Unmet Social Needs and the Importance of Addressing Them

Addressing the unmet social needs of patients requires additional investment on the part of the healthcare industry, but provides a tangible return on investment.

Addressing the unmet social needs of patients requires additional investment on the part of the healthcare industry, but provides a tangible return on investment. At America’s Health Insurance Plans’ 2016 Institute & Expo, held June 15-17, 2016, in Las Vegas, Nevada, Rocco Perla, president of Health Leads, and Karin VanZant, executive director of Life Sciences at CareSource, discussed the business case for addressing patients’ unmet social needs.

Perla led off the session with data from Massachusetts General Hospital that affirmed that addressing unmet social needs can improve blood pressure and LDL. He stated that “social comorbidities are an inescapable reality of your members’ lives.”

However, there is continued market paralysis around addressing patients’ social needs.

“We will find it hard to achieve health economic reform if we don’t address patients’ lives outside the clinic,” Perla said.

And while the healthcare industry collects an immense amount of information, there is a lack of data on patient social needs because it is not collected regularly. The solution is fairly easy: add 5 questions to health risk appraisals and build it into care management systems and electronic health records.

Addressing patient social needs is becoming even more important considering the government’s move to address these issues. CMS’ Accountable Health Communities will pay for screening for social needs and directing patients to community services that can assist them. The Comprehensive Primary Care Plus model is designed to help providers think about how to serve patients’ needs outside of the doctors’ office.

“These programs signal a dramatic shift in the healthcare landscape and take a broader view,” Perla said.

VanZant outlined the Life Services model, a voluntary program that addresses social determinants of health. In order to make a sustained impact when serving low-income members, it is important to realize that for many Medicaid recipients healthcare is low on the list of things that they consider pressing issues.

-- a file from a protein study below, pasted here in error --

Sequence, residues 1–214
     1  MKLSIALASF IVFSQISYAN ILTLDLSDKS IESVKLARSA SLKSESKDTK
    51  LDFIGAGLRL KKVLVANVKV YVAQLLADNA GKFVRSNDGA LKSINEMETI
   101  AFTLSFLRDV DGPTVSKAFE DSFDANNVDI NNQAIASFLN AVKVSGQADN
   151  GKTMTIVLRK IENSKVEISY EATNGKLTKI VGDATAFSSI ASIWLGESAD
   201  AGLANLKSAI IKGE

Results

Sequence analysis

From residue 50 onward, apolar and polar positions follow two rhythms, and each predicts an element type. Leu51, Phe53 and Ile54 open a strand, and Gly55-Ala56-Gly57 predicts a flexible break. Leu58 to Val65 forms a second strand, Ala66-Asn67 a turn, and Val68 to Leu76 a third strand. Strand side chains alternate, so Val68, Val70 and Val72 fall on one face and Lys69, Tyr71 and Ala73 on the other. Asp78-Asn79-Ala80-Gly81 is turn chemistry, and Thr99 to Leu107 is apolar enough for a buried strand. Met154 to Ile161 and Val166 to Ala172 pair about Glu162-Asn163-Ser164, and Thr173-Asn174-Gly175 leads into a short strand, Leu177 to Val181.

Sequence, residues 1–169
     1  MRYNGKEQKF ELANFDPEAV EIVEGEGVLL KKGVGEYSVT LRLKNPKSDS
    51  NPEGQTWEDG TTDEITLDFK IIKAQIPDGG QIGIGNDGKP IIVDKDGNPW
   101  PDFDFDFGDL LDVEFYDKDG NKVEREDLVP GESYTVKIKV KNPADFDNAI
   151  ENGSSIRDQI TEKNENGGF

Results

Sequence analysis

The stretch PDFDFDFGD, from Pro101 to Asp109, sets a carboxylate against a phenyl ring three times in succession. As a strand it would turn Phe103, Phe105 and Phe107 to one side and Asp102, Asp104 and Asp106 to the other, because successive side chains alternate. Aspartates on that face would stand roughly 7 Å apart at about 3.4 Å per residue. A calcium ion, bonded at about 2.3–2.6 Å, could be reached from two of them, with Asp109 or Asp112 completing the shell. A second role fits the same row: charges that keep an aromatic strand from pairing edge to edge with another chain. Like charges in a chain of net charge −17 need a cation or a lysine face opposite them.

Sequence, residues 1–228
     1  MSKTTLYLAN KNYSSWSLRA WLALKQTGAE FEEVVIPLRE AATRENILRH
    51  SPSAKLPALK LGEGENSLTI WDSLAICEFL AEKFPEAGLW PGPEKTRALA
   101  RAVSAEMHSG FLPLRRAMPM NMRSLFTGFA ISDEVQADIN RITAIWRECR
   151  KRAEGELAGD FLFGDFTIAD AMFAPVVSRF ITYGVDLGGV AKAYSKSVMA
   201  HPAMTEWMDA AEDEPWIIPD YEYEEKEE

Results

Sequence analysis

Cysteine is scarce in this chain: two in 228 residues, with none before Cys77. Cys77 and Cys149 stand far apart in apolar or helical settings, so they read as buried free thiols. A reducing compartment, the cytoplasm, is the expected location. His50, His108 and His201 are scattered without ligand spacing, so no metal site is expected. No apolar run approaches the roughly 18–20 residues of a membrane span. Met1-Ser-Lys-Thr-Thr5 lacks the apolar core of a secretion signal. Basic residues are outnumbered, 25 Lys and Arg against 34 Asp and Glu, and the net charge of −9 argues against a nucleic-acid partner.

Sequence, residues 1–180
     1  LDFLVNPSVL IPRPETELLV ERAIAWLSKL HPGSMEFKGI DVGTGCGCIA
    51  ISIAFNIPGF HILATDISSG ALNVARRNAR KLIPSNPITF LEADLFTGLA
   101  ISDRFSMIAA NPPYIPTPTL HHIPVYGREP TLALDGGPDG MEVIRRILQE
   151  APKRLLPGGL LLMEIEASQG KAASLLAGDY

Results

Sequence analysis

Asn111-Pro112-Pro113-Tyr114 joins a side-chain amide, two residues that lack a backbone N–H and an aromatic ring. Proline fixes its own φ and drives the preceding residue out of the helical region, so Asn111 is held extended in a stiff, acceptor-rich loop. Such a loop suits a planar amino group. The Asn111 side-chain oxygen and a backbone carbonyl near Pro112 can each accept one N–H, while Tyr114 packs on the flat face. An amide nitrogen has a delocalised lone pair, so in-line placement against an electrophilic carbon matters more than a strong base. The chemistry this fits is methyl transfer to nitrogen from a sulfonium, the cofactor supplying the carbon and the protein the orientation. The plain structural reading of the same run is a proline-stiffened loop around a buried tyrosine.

She also emphasized the importance of collecting data.

“The disheartening part of collecting data from our members is that many of our members have 5 or 6 case managers, social workers, community coordinators, and more in their life that aren’t talking to one another,” VanZant said.

However, because these individuals have so many other organizations they work with, they are used to answering questions about the housing they have, the condition of their housing, what programs they receive assistance from, and more.

CareSource has identified 5 pillars of social determinants of health: economic stability, housing and neighborhood, education, social relationships, and food and nutrition. It’s important for patients to have access to all 5 pillars otherwise it won’t matter if they meet with their physician and take their prescriptions if their house is literally falling down and there is violence in their neighborhood and their children are in bad schools, VanZant explained.

“We have to take into consideration that our members have just as limited amount of time as we all have,” she said. “That they sometimes have more critical decisions that they have to make on a day-to-day basis that can be the difference between putting food on the table or not.”